1). “A beautiful woman is one who loves me.” I love you too, Karen. God bless you. Enough said.
2). To kill a dream stone dead, demand it come true just the way you dream it. I could have been a talk radio host–something I’ve always wanted to do–twice. The first time, I was offered the opportunity by the author of a self-help book I interviewed on the air a couple of times. He was impressed with my skills and said he “knew some people” in Colorado. I turned him down because at the time I barely had enough money to keep the heat on. The second time was my boss offering me my old job back at a station where I’d worked two years before. He’d heard me doing a part-time gig and called to make the offer. Thinking it was the same station I’d left and remembering why I left it, plus wanting to stay close to a major market, I turned him down. I didn’t realize he’d planned to flip it to talk. Had he said that, I may well have gone back, but he didn’t say, and I didn’t ask, did I? I just assumed the worst and acted accordingly.
Two opportunities that will never come again, opportunities that both came when I was responsible for no one else but me, and I let fear of the unknown steal them from me. That’s not how you win, kids. Carpe diem. I can’t emphasize enough, if you are young and single, and someone offers you an ethical way to achieve your goal in life, TAKE IT. No matter what.
3). Every decision you make, forever, hinges on one thing. Do you believe in God, or not? That’s it. That’s the question. How you answer it defines everything you think and everything you do. It is the most important question you will ever ask yourself, and only you can answer it. No one has the right to answer it for you. Ask it yourself, answer it yourself, and not just once; do so constantly, do so seriously. The other decisions you make will become much better if you do.
4). Navel gazing is the biggest waste of your time there is. If you really want to know who you are and why you’re here, make yourself available to other people and learn both fast. Easier for some than others, I know, but even introverted people need to do this. People are what reveal your strengths and weaknesses, your joys and sorrows, your skills and failings. You think you know them already? Then you’re delusional. Get out of your head and into the world.
5) “The years have a way of dulling a man.” That’s my favorite line from The Broken Blade, William Durbin’s story of a boy who comes of age with a group of late 18th-century fur traders canoeing the St. Lawrence River in Canada. Boys’ Life serialized an illustrated version of it around 1999 or so when my son was a Cub. Quite an educational tale in that–spoilers!–the “bully” of the group has good reason for being who he is and the “nice guy” who helps our hero learn the necessities of life on the river winds up killed by the river. But the truth of that one line is what stands out most to me. It helps me cope with what I can’t control.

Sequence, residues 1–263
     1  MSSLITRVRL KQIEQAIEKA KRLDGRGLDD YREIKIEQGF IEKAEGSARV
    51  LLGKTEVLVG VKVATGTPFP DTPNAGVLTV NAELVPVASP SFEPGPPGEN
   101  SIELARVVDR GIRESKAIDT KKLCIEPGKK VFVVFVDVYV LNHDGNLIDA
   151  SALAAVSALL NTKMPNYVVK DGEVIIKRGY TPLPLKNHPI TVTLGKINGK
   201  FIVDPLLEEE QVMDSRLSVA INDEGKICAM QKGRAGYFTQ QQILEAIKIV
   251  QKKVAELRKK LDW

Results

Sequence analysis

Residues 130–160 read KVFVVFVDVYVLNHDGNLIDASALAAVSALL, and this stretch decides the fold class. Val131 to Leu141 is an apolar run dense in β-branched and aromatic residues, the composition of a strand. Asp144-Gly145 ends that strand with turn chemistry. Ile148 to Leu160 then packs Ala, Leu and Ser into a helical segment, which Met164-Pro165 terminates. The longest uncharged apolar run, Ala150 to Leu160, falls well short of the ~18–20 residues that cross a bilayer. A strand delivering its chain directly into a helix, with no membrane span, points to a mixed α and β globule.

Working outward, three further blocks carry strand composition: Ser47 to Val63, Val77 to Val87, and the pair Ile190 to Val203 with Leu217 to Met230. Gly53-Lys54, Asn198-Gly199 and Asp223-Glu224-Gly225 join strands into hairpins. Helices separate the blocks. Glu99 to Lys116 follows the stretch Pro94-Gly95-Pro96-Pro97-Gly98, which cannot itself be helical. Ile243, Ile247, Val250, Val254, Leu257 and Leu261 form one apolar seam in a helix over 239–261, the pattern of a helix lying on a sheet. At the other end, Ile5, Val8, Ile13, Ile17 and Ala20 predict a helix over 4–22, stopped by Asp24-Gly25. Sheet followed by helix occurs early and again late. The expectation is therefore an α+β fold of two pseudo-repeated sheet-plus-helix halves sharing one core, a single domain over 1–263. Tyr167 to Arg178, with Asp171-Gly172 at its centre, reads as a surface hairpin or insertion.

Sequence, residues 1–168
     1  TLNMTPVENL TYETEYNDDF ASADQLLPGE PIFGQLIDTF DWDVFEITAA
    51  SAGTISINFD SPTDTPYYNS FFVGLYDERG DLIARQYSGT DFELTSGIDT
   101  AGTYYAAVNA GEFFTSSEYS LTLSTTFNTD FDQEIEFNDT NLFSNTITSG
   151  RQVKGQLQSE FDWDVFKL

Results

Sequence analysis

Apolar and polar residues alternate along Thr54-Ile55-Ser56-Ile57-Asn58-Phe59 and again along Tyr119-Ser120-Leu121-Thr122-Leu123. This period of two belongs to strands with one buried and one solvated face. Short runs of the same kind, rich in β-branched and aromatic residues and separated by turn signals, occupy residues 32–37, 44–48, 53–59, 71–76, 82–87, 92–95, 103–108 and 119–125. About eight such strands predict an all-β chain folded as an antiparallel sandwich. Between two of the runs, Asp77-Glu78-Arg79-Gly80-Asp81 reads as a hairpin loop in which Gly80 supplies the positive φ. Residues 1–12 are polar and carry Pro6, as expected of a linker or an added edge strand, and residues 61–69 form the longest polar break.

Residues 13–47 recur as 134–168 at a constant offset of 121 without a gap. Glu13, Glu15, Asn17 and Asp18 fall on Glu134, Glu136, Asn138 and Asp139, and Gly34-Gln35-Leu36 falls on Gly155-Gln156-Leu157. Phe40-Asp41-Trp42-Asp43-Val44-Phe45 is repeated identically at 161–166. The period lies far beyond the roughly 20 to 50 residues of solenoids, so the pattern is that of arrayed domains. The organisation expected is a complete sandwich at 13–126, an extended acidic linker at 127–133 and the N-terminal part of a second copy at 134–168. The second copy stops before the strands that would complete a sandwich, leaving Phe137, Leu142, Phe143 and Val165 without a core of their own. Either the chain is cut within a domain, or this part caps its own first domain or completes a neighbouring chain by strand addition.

6) “We must be careful about who we pretend to be.” Kurt Vonnegut, God rest his soul, whether he believed he had one or not. I’m sorely tempted to just use everything in this list to finish mine. Stop and think how right he is with the one line above alone: How many people in your life, who like you and care about you, think you really are what you say you are? Damn near all of them, right? Because who has time living their own lives to pay so close attention to yours that they know the real you? They’d rather believe the illusion. It’s easier. It’s prettier. It’s safer. So you become who you claim to be–and that’s not always a good thing. Scroll down to #15 here to see what I mean.
7). Now is where we live. No quotes around that one, because that’s how I think of it and like to say it. I’ve blogged about it before so I’m not going to beat it to death: The past is done and said. The future is not guaranteed. Now is the only time we can do anything worth a damn. So do it now.
8). “Start with the upper left-hand brick.” One of Robert M. Pirsig’s most oft-quoted lines from his classic Zen and the Art of Motorcycle Maintenance, a book I like so much I’ve read it nine times. It’s something he said to a student in a freshman comp class who was having trouble with an assignment. You’ll find oodles of stuff about what great advice this is for overcoming writer’s block, and it is, but that’s like choosing to chug a can of Coke when there’s a glass of champagne on the table. This is more than advice, this is how to live your life. This is real, substantial philosophy summed up in six words! Think it through, you’ll see it. It’s not hard.
9). “Words have no power to impress the mind without the exquisite horror of their reality.” Edgar Allan Poe, whose birth date I share. To me, this means if one is to write at all in an age of attention-deficited instant everything, he should pick the clearest and simplest words to convey his meaning–something not so simple as it sounds. It certainly is not how Poe himself approached his writing, but Poe wrote in a very different time for a very different audience. Today, we must keep it simple for our reader because our reader has much more competition for his time and his mind. The trick is to do it without it being so simple that it inflicts blunt force trauma, and Poe remains a valuable teacher of how to avoid such.